OH yeah! After doing the whole will you be my friend thing on facebook, Eesha forwarded me these great pics! Thanks a Bunch! In addition to capturing candid shots of baby goat lovers, he is a contributing journalist for The Valley Post http://valleypost.org/. I have only just recently been introduced to this website and it is welcome addition to my list of informative forward thinking media outlets. CHECK IT OUT!

Till Next Time

-Ismail

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Aging Meat… and its OK to eat veal!


 

 

There is no way I can argue with those vegan type people about the production of veal. It is undoubtedly one of the most disrespectful, irresponsible forms of animal treatment second to only foire production.  I will definitely touch on that debauchery in a later post. When we go spend our hard earned money, we want ingredients and food preparations that are worth the coin, that’s inventive and just plain old fulfilling. This does not entail us eating with our eyes closed. I can recall a former chef whom I respect a great deal but will remain nameless “educate” me on the way a good cut of veal should be white with a tint of pink. He failed to mention that the paleness comes from a forced anemia. There are tons of bloggers and videos on the net exposing the truth about veal production so I won’t go there in this post. Unless you guys want me to of course.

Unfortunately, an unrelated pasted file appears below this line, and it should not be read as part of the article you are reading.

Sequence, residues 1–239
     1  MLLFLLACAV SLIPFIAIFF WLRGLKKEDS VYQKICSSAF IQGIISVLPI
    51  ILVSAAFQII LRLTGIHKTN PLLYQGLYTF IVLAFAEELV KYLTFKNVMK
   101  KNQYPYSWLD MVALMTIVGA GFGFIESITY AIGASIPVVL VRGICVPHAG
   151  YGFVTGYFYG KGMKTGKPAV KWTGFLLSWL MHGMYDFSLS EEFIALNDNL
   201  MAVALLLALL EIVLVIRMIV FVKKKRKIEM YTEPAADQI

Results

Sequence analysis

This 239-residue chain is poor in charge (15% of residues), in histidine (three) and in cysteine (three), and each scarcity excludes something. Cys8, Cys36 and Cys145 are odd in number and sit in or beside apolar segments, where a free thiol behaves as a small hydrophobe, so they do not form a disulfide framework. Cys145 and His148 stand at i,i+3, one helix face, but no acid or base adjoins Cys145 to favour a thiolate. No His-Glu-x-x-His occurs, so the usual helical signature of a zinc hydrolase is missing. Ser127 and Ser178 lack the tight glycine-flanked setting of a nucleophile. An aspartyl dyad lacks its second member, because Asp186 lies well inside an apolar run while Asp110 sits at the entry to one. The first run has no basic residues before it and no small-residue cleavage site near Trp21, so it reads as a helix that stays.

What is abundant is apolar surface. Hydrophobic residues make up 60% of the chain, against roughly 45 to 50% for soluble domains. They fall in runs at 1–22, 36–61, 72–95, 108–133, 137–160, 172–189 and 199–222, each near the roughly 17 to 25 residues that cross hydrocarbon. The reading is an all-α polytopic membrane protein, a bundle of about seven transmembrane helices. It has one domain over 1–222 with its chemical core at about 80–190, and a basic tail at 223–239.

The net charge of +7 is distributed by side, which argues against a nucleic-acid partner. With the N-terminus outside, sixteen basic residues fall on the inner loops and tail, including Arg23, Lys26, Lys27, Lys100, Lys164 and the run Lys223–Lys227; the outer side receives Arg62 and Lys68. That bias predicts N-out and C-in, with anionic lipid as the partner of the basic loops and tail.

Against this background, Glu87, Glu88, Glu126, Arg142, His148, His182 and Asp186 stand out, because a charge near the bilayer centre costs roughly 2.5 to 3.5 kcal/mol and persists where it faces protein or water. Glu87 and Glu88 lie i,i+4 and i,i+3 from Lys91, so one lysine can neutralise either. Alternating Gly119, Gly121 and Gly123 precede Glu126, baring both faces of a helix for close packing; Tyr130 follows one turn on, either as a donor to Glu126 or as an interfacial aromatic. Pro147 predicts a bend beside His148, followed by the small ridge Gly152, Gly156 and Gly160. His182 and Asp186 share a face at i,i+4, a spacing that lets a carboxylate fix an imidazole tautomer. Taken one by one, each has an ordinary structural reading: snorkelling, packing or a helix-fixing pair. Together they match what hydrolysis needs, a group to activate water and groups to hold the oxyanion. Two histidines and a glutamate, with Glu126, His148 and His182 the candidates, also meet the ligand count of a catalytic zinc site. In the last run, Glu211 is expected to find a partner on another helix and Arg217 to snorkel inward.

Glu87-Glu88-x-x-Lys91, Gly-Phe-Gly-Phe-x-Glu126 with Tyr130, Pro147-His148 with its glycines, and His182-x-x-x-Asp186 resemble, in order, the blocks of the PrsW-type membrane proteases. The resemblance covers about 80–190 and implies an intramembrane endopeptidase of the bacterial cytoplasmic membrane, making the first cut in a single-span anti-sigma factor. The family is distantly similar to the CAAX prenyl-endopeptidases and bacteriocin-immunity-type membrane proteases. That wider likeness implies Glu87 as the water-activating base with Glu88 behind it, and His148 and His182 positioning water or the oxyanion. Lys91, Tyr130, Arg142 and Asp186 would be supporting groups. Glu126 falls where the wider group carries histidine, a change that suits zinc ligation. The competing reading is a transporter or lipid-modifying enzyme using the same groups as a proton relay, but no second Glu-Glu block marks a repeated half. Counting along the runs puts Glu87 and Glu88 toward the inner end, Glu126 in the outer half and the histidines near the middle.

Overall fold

I LOVE VEAL! Until recently, for the afore mentioned reasons, it never had a place on my menu.

This calves name was Hogan